How Mortal Engines Ripped Off Star Wars and Han Solo

So, just how did Mortal Engines rip off Star Wars and Han Solo? Actually, let's word that in a nicer way: How did Star Wars inspire the Mortal Engines book series?

Our favorite character from the first Mortal Engines novel is the Anti Tractionist, Anna Fang. And why was this? Well, she just oozed coolness – kind of like Han Solo but without the Wookie boyfriend.
Writer Philip Reeve once spoke of Star Wars and the effect it had on him in terms of the cosmetic look and feel of the movie:
“The opening scenes on the desert planet, with its mud-brick spaceport and rusty hover-cars, were tremendously exciting because I suddenly saw how you could mix up elements of the past and future to make worlds of your own. So that's really where Mortal Engines comes from, it just took another twenty years to emerge!”
Given Reeve is a bit of a literary magpie, one should not be surprised how some Star Wars then snuck into his first novel.
There are two key Star Wars inspirations.
Anna Fang is her own person much like Han Solo but the key thing that Reeve took from Star Wars is the similarity to the Millennium Falcon and Fang's own airship, the Jenny Haniver:

Here's a passage from the novel:

The ship that hung at anchor there was not the elegant sky-clipper Tom had been expecting. In fact, she was little more than a shabby scarlet gasbag and a cluster of rusty engine pods bolted to a wooden gondola.

“It's made of junk!” he gasped.

“Junk?” Miss Fang laughed.

“Why, the Jenny Haniver is built from some of the finest airships that ever flew! An envelope of silicon silk from a Shan Guo clipper, twin Jeunet-Carot aero-engines off a Paris gunship, the reinforced gas cells of a Spitzbergen war balloon…”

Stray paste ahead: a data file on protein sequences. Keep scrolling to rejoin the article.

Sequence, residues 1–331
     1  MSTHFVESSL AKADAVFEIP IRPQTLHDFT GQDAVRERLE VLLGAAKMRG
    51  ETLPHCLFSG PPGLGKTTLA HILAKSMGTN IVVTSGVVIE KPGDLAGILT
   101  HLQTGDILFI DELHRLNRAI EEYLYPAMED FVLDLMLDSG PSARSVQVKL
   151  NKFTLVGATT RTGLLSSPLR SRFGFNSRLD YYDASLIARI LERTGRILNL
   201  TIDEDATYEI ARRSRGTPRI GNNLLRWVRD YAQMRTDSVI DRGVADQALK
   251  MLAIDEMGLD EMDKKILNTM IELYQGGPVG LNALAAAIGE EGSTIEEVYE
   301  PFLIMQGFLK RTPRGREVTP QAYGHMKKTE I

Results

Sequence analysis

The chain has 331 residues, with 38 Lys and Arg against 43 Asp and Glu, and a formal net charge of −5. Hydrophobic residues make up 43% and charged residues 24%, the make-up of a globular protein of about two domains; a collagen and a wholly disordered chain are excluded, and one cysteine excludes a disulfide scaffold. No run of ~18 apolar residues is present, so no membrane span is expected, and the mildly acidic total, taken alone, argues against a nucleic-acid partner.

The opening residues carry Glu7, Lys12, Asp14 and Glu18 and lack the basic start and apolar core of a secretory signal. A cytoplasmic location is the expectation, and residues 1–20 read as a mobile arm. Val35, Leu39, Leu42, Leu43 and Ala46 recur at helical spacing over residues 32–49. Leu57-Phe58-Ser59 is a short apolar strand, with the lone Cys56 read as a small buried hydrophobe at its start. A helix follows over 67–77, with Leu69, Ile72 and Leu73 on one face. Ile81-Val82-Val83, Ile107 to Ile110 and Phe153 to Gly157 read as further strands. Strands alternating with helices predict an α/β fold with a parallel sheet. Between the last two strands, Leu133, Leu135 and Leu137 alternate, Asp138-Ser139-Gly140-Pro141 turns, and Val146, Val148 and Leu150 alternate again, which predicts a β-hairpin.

Does that conversation sound familiar to you?

It strongly echoes what Luke Skywalker says to Han Solo in A New Hope to which Han retorts: “She'll make point five past lightspeed. She may not look like much, but she's got it where it counts, kid. I've made a lot of special modifications myself.”

rise skywalker millennium falcon
Image Courtesy of Lucasfilm

Fang's point about the makeup of her ship sounds much the same.

There's also a second key Star Wars moment in Mortal Engines and that's the beginning. Star Wars famously opens with Darth Vader's Star Destroyer pursuing Princess Leia's Corvette, The Tantive IV. It's a desperate chase, one of life and death.

So how does Mortal Engines start? With a chase. Here's the first line:

“It was a dark, blustery afternoon in spring, and the city of London was chasing a small mining town across the dried-out bed of the old North Sea.”

London (Vader's ship) eventually catches up with the Mining Town (Leia) and consumes it for its resources. Different circumstances but it's undoubtedly the same beat – and that's how Mortal Engines ripped off Star Wars and Han Solo.

This article was produced and syndicated by Wealth of Geeks.